FOR Australian wheat breeding specialist Richard Trethowan, having access to the largest wheat genebank in the world - through the CIMMYT International Maize and Wheat Improvement Centre research organisation in Mexico - is akin to giving a child free rein in a lolly shop.
The University of Sydney Plant Breeding Institute professor, who was a wheat breeder at CIMMYT for 13 years, now heads a team of Australian wheat breeders who travel to Mexico every two years to select potential breeding lines for the Australian wheat industry.
It’s a trip Australians have been making since the first wheats from CIMMYT were introduced to Australia in 1973.
Today it is a fine-tuned process run under a partnership agreement called CAIGE which links Australia not only to CIMMYT but to another major wheat centre, ICARDA, in the Middle East.
On a recent selection trip to Mexico which coincided with the Borlaug Summit on Wheat for Food Security, Professor Trethowan and the team chose promising lines with traits they believe the Australian wheat industry needs.
“We are looking firstly for yield. Beyond that we are looking for white grained, short statured types, a range of resistance to diseases, and also diversity,” he said.
“We look carefully at the pedigrees of the different lines. We are after pedigrees that are very different to what we have in Australia because that is new diversity.
“If we pick up a rust-resistant line in the field and take it back to Australia and it may have the same genes for resistance as the lines we currently have we are not going to make a lot of progress.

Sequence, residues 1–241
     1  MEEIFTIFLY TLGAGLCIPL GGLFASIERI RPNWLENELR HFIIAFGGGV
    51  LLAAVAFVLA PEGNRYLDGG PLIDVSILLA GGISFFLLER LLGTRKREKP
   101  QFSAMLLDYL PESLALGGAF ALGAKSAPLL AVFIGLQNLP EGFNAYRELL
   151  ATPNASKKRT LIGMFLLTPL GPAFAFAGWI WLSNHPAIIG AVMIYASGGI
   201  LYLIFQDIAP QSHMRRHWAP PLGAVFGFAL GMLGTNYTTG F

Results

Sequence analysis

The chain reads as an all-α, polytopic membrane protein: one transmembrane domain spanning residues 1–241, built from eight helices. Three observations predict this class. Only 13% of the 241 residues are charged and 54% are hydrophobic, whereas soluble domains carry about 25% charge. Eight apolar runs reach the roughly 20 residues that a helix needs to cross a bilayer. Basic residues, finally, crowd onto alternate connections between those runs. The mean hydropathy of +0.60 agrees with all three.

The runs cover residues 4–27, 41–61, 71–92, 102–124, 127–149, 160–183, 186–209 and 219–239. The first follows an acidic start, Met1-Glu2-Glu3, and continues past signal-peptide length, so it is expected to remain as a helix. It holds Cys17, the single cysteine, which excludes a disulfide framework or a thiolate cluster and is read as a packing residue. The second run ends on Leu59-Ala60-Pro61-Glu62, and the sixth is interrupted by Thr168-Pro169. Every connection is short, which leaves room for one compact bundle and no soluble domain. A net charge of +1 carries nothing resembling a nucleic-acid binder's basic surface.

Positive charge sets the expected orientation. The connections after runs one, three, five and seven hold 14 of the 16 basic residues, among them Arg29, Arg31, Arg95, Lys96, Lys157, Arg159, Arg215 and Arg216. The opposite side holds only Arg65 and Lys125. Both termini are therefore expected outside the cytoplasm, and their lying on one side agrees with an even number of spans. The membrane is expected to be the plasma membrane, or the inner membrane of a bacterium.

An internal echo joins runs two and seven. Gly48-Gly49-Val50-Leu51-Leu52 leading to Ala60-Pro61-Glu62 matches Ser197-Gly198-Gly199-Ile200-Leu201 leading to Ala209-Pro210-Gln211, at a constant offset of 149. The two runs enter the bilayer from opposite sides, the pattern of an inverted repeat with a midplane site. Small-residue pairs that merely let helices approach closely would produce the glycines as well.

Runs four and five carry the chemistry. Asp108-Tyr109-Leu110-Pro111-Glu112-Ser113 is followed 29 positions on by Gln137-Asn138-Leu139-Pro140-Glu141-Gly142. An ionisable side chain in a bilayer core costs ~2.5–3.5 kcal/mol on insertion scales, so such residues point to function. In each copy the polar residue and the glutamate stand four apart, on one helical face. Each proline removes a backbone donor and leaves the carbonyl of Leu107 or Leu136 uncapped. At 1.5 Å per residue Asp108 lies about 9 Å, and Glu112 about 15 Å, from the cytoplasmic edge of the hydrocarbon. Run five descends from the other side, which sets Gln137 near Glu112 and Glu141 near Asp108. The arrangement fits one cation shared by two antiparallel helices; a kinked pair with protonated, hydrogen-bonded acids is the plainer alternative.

“But if we pick up a line that has a very different pedigree and origin there is a much higher probability it will bolster the defence against rust diseases in Australia.”
The lines that make it through the selection process will be brought to Australia where they will be evaluated by breeders and provided to breeding companies to cross with other lines.
Professor Trethowan said the reason CIMMYT didn’t release them directly was because of quality issues.
“Here at CIMMYT the focus is on the developing world where they need volume in their wheats. Most people there turn CIMMYT wheats into flat bread so they don’t need premium quality,” he said.
“In Australia we have a segmented export market and distinct quality classes.
“The basic quality you find in the CIMMYT wheats doesn’t fit those quality classes, so there needs to be a cycle of breeding that takes advantage of the yield and disease resistant traits of the CIMMYT material and the quality of the Australian material. That is what the plant breeders do in Australia.”
Neil Lyon travelled to Mexico with the assistance of the Crawford Fund and the Department of Foreign Affairs and Trade’s Council on Australia Latin America Relations.